Why should security professionals study for a security postgraduate degree?
With increased competition in the job market, many professionals are turning to the proven shortcut for development: a security postgraduate degree.
Studying a security postgraduate qualification doesn’t just strengthen your CV, it also helps you stand out from other candidates when being considered for a promotion or new role. The ideal qualification is industry-focused, and allows you to specialise in an area that is necessary for your line of work, so that you can build key skills and make connections with like-minded people in your industry.
Boost your lifetime earnings
It is also shown that gaining a security postgraduate qualification can boost your salary. In 2013, the Sutton Trust released a report that claimed that those with a postgraduate degree earn, on average, £200,000 more over their lifetime than their contemporaries. Taking the time to study also shows to employers that you are serious about your career path, and worth investing in.
Flexible options for study now available
The barrier that most people find with postgraduate study is that they can’t afford to take a year off work to complete a qualification. Today, however, there are many more flexible options available for those in full-time employment, including part-time and online study at Master’s, Postgraduate Diploma, and Postgraduate Certificate level.
Develop your understanding
These kinds of flexible postgraduate courses help you gain an academic qualification in your field, developing your skills of analysis and strategic thinking, and demonstrating to employers that you have a broad understanding of security.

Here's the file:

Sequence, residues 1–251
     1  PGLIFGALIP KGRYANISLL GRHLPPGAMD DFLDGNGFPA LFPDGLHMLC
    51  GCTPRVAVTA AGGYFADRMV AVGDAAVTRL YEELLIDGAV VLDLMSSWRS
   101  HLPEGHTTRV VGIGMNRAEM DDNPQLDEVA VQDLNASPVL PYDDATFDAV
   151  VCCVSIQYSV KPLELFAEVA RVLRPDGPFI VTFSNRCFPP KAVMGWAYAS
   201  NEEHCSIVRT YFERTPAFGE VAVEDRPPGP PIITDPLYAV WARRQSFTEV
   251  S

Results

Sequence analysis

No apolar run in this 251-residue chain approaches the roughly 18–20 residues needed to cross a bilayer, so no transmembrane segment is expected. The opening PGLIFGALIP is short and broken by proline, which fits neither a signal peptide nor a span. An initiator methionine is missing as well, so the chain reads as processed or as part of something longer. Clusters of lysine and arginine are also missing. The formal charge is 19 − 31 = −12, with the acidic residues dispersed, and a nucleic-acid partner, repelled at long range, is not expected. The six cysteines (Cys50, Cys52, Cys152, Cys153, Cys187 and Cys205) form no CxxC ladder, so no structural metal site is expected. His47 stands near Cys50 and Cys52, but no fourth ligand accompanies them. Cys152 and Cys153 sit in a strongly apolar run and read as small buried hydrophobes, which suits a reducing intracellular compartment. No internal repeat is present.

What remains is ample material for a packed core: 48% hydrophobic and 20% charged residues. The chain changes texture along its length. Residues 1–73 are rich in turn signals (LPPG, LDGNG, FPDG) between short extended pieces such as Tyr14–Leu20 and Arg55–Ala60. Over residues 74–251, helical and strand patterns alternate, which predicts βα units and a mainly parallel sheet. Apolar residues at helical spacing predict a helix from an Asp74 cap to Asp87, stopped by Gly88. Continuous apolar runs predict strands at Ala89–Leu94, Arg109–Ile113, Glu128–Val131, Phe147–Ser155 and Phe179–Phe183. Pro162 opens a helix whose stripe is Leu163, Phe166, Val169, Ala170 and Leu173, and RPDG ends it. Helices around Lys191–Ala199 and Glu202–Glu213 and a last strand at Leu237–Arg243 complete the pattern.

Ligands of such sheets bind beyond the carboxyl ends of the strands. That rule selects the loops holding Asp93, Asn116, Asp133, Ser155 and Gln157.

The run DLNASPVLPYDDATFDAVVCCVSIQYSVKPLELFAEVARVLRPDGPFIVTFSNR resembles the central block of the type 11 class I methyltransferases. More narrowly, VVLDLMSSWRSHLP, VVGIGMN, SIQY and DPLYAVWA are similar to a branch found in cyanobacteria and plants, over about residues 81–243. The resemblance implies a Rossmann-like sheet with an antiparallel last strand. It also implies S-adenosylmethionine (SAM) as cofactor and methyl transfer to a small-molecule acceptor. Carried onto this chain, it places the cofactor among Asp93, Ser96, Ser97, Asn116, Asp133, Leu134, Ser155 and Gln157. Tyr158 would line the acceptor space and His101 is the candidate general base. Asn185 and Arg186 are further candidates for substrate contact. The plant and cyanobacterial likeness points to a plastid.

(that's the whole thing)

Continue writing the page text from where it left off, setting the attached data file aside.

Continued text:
Sir Jon Murphy QPM, Professor of Advanced Policing Studies at Liverpool John Moores University, explains: “As the former Chief Constable of a Metropolitan Force, a career detective and Head of National Police Chiefs’ Council Crime Operations Business Area, I know there is an increasing requirement to bridge the gap between the practical application of security legislation, sensitive investigative techniques and the academic study of the phenomenon that is terrorism.
“There needs to be a joined-up understanding of why those who threaten national security do what they do, how they do it and how the threat that they present can be neutralised. “Postgraduate study in security-related areas draws together each of these strands and will equip those in charge with keeping our citizens safe, with a firm base of theoretical understanding and practical knowledge to complement existing skills and prepare individuals for more senior levels of responsibility.”
To find out more visit: www.security-studies.com/city-security-autumn